November 2017: Angiology
https://www.readbyqxmd.com/read/28072724/fatal-antiphospholipid-syndrome-following-endoscopic-transnasal-transsphenoidal-surgery-for-a-pituitary-tumor-a-case-report
#17
Chiao-Zhu Li, Chiao-Ching Li, Chih-Chuan Hsieh, Meng-Chi Lin, Dueng-Yuan Hueng, Feng-Chen Liu, Yuan-Hao Chen
INTRODUCTION: The fatal type of antiphospholipid syndrome is a rare but life-threating condition. It may be triggered by surgery or infection. Endoscopic transnasal-transsphenoidal surgery is a common procedure for pituitary tumor. We report a catastrophic case of a young woman died of fatal antiphospholipid syndrome following endoscopic transnasal-transsphenoidal surgery. METHODS AND RESULT: A 31-year-old woman of a history of stroke received endoscopic transnasal-transsphenoidal surgery for a pituitary tumor...
January 2017: Medicine (Baltimore)
https://www.readbyqxmd.com/read/28028298/microrna-expression-in-antiphospholipid-syndrome-a-systematic-review-and-microrna-target-genes-analysis
#18
REVIEW
S Muhammad Shazwan, M Muhammad Aliff, A A Asral Wirda, A R Hayati, M Maizatul Azma, A R Nur Syahrina, A H Nazefah, S Jameela, M M Nur Fariha
INTRODUCTION: Antiphospholipid antibodies (aPL) are autoantibodies that attack phospholipid through anti-beta 2-glycoprotein 1. The actions of aPL are associated with events leading to thrombosis and morbidity in pregnancy. Antiphospholipid syndrome (APS) is diagnosed when a patient is persistently positive for aPL and also has recognised clinical manifestations such as recurrent pregnancy losses, arterial or venous thrombosis and in a catastrophic case, can result in death. Unfortunately, the pathogenesis of APS is still not well established...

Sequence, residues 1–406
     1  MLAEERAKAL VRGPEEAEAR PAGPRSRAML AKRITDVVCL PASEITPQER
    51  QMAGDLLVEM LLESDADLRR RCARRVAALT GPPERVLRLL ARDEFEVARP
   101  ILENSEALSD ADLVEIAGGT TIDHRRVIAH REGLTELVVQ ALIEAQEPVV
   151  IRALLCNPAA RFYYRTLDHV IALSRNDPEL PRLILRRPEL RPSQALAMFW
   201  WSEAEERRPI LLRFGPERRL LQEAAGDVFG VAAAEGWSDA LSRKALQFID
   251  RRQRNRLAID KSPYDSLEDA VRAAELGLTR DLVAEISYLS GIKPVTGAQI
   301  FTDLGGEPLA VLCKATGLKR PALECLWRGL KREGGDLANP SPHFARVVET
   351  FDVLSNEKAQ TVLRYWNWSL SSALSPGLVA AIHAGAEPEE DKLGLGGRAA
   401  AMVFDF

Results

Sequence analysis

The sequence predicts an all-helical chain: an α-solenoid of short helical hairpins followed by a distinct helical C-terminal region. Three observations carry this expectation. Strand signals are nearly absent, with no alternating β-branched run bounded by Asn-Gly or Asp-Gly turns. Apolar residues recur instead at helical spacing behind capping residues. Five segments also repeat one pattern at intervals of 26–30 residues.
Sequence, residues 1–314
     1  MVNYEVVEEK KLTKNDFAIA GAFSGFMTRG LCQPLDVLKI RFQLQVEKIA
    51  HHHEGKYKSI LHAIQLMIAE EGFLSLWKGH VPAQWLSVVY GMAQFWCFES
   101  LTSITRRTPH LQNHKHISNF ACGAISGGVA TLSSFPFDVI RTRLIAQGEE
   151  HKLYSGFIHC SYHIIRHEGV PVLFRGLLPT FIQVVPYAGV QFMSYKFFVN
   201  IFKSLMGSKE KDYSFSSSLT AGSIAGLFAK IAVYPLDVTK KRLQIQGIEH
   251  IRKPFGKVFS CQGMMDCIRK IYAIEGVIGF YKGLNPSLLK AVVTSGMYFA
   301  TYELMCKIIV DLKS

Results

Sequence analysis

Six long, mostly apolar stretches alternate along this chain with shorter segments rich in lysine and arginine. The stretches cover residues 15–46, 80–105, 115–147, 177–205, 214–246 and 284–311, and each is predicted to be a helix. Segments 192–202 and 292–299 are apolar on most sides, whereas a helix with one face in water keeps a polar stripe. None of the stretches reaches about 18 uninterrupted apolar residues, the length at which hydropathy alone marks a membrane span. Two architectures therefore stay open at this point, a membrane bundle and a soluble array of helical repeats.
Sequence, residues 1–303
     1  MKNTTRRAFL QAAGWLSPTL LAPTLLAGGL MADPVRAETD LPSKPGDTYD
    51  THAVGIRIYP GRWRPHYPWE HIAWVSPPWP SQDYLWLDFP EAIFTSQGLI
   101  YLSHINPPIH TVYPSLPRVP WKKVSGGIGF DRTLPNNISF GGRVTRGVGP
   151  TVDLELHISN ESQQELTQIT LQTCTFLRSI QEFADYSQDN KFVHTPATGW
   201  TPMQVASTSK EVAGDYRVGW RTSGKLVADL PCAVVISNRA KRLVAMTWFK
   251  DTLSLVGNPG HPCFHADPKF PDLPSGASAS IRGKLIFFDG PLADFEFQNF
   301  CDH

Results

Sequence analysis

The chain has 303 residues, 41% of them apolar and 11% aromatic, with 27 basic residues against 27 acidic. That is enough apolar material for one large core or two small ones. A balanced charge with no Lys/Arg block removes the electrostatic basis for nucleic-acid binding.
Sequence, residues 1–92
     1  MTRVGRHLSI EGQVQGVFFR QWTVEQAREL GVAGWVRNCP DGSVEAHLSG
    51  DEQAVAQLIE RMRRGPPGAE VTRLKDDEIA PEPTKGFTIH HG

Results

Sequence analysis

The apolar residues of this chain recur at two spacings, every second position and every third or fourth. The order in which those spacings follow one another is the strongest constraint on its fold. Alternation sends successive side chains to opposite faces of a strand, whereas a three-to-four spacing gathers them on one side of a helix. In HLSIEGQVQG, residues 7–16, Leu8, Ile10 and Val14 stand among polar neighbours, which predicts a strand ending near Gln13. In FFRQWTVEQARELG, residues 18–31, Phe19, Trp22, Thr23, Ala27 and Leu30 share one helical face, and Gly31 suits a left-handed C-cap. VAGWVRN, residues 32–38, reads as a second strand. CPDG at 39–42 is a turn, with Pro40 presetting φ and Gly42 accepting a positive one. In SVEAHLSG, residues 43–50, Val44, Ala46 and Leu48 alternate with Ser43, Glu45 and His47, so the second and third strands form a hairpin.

December 2016: Malaysian Journal of Pathology
https://www.readbyqxmd.com/read/27939948/catastrophic-antiphospholipid-antibody-syndrome-presenting-as-severe-ischaemic-colitis
#19
Cristina González Puga, Inmaculada Lendínez Romero, Antonio Palomeque Jiménez
No abstract text is available yet for this article.
December 8, 2016: Gastroenterología y Hepatología
https://www.readbyqxmd.com/read/27886797/catastrophic-antiphospholipid-syndrome-the-current-management-approach
#20
REVIEW
Ignasi Rodriguez-Pintó, Gerard Espinosa, Ricard Cervera
The current recommendation for catastrophic antiphospholipid syndrome (CAPS) management is the standard triple therapy with anticoagulation (AC), glucocorticoids (GCs), plasma exchange (PE), and/or intravenous immunoglobulins (IVIGs). Of note, only AC has a significant effect on the prognosis of these patients. However, from the experimental or basic point of view, there is only indirect evidence to advocate the use of these immunomodulatory therapies (GC, PE, and IVIG) in CAPS. Recently, there have been reports of severe or refractory CAPS patients treated with the monoclonal antibodies rituximab and eculizumab...
April 2016: Best Practice & Research. Clinical Rheumatology